Restoring oak regeneration after overgrazing and fire in Zagros forests
© 2012 [Copyright Holder]. Publisher’s version of record: https://www.nrs.fs.fed.us/pubs/gtr/gtr_nrs-p-102.pdf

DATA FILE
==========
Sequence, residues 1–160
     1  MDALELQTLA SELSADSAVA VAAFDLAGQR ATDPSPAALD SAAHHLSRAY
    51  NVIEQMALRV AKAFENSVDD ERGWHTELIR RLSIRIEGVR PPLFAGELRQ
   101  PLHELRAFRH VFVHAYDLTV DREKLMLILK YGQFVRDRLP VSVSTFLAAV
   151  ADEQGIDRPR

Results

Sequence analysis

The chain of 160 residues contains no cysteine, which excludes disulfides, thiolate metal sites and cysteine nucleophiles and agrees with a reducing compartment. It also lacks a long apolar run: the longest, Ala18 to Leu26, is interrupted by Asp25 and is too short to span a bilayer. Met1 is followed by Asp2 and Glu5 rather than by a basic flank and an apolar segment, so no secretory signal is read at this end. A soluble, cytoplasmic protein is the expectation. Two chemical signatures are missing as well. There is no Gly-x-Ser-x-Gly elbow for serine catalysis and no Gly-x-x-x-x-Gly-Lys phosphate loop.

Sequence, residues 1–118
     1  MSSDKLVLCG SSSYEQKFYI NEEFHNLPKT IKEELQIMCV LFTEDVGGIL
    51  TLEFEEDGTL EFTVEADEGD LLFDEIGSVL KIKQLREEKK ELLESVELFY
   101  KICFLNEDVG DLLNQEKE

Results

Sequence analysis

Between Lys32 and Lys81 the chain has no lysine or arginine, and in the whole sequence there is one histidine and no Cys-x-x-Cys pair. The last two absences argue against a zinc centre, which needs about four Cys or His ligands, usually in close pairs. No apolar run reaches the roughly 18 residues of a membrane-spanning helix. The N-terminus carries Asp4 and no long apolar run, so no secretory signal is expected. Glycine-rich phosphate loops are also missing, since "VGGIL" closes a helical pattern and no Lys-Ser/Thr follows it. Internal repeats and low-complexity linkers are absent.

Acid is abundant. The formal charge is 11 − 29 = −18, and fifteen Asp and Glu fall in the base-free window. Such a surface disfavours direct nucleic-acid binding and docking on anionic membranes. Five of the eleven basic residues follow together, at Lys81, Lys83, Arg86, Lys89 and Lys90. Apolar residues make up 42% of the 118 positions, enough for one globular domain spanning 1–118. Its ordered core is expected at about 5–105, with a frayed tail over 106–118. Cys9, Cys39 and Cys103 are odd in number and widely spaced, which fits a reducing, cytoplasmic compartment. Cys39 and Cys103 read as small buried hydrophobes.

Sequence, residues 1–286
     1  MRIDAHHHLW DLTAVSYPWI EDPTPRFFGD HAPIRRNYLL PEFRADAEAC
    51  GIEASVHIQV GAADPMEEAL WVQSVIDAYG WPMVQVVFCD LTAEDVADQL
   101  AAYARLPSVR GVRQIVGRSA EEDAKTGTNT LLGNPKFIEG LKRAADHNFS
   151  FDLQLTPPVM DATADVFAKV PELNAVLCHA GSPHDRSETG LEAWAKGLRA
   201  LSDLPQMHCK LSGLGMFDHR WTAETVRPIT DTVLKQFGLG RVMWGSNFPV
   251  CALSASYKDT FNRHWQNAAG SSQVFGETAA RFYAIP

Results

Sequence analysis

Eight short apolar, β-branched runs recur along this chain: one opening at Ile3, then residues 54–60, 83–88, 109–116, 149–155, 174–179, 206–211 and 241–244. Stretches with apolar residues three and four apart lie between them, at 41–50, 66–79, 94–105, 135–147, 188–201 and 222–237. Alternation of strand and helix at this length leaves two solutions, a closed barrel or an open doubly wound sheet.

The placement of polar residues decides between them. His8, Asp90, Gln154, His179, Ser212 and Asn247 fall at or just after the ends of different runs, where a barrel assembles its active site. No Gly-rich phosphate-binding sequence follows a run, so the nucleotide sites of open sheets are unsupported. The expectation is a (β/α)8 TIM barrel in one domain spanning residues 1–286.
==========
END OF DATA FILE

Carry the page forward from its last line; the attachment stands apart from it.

Zagros oak forests have a long history of use by local communities. Palynological research provides evidence of stock breeding, grazing, and agriculture at least since the beginning of the fifth millennium cal B.P. (Djamali and others 2009, Sumner 1990, Wright and others 1967). The traditional sustainable management was maintained by a homeorhetic regulation in pre-technological land use (Naveh 1988). This regulation was acquired by a balance between the anthropogenic utilization of the forests for livelihood necessities and stabilizing feedbacks from a lack of food, water, and social components, generating a resource protection mechanism. Resource utilization activities such as coppicing and cultivation were practiced by rotations (Ghazanfari and others 2004). Landscapes maintained a patchwork formed by the combined effects and interaction of fire, grazing, and coppicing.